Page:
All told, I interviewed almost three dozen regulars at CSL and Yale Plasma. More than half of them confessed to frequent, bizarre tingling sensations; pains; rubbery legs; and severe dehydration, as well as to having been homeless, having lied to pass medical exams, and having used “tricks” that allowed them to pass protein-level tests. They lived in circumstances that made plassing a hardship, but said, “I can’t eat if I don’t plass.”
I described the experiences above to the medical historian Harriet A. Washington, also the author of Deadly Monopolies and Medical Apartheid: The Dark History of Medical Experimentation on Black Americans. Washington told me, “Our blood supply is now very safe, although not perfectly so.” Hepatitis C and HIV infection are as rare as one in every 1 million blood recipients.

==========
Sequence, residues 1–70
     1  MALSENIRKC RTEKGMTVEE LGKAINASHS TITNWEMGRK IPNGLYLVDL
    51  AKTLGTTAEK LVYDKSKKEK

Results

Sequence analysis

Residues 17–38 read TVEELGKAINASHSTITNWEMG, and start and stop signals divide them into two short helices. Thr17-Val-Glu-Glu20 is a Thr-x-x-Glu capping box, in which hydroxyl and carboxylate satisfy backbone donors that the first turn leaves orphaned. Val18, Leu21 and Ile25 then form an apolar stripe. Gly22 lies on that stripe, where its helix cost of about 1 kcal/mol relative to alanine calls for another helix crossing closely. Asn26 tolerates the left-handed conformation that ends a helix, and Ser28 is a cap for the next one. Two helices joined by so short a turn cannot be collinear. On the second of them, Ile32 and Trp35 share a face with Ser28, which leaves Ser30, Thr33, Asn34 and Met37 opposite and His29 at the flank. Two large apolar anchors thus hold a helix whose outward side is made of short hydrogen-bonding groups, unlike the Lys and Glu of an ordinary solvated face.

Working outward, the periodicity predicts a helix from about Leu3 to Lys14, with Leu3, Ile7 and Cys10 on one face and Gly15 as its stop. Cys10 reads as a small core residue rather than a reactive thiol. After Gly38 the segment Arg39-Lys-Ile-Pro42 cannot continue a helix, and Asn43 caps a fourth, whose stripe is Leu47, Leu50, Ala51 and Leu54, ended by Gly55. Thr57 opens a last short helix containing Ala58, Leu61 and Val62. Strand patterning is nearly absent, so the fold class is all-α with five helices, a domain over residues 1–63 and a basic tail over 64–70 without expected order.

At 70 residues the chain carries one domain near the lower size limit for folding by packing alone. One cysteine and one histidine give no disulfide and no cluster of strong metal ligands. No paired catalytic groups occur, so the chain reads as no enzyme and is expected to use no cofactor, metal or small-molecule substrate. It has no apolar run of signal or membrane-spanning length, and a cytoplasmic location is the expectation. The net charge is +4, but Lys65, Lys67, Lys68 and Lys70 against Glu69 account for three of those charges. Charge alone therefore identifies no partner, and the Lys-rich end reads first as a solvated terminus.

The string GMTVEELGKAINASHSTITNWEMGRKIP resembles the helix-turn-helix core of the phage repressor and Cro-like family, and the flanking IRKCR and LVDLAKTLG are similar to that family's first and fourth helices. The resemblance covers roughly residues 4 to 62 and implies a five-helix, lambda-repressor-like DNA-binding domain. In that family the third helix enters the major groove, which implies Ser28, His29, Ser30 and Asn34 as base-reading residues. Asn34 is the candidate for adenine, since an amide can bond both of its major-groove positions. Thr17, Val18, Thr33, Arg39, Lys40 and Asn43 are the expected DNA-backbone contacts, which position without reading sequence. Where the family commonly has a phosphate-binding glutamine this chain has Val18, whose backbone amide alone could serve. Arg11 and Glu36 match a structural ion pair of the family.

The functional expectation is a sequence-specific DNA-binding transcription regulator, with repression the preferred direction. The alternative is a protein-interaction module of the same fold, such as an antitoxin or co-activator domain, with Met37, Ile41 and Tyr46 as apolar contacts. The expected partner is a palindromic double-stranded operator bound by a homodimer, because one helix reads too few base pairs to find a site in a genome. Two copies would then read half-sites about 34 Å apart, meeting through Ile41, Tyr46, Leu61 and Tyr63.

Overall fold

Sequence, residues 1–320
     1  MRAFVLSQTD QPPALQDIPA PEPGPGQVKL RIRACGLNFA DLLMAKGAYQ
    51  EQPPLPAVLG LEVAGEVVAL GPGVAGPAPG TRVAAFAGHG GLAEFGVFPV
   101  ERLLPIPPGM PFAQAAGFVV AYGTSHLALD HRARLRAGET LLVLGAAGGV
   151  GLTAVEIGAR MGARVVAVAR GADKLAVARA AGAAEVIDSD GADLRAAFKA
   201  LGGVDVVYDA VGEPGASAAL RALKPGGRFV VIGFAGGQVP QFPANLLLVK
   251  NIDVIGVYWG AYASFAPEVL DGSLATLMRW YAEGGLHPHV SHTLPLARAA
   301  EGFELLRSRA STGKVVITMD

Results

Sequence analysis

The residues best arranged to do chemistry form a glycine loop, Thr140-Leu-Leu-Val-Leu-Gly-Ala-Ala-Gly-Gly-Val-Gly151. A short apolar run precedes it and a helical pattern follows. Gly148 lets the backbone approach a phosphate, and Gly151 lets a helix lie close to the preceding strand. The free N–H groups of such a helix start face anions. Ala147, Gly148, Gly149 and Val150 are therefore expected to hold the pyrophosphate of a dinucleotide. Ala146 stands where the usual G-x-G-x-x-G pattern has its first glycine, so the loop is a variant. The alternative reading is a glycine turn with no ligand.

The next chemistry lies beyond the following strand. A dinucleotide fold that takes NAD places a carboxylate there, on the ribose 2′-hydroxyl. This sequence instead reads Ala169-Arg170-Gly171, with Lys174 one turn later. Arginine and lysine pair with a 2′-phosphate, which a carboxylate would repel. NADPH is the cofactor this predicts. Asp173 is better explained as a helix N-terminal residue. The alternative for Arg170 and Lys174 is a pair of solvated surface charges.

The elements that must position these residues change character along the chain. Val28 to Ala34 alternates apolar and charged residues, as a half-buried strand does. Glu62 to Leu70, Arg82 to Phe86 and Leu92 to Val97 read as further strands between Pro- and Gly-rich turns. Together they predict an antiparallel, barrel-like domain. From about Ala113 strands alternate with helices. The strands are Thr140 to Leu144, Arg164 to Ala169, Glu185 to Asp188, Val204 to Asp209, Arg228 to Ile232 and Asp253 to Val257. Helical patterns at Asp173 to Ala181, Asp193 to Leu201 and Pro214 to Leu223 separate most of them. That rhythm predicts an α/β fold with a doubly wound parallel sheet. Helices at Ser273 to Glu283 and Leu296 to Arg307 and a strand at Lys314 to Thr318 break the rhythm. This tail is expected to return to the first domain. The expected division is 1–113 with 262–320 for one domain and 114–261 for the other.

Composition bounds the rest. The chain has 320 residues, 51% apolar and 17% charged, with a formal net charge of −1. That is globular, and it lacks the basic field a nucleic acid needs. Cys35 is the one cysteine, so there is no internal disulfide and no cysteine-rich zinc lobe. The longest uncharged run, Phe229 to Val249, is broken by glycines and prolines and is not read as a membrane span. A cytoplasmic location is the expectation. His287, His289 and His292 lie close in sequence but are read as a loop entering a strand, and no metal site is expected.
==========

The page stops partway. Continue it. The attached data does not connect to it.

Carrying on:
Washington is not opposed to payment centers that observe safety standards and adhere to regulations. Neediness and economic hardship don’t necessarily make a donor unsafe, which is a historical prejudice. The crux, Washington said, “is how we screen donors.”
“If these companies are winking at donors’ deception, then they’re putting us all in serious danger. In an ideal world, I’d want more government oversight to closely monitor these collection sites.”
Why do donors, including myself, suffer fatigue akin to blackouts? During plasmapheresis, centers often use a chemical, sodium citrate, to keep blood from clotting, Washington explained.
“Sodium citrate and other citric-acid derivatives bond with the calcium in your blood, and afterwards the calcium is no longer available to your body. We know that some people respond badly to sodium citrate. The worst case is rare: extreme hypocalcaemia, which can be fatal. But more often, people will suffer fainting, tingling and numbness, muscle contractions, or even seizures. Walking around with depleted calcium can be extremely dangerous. It can lead to serious health-care issues.”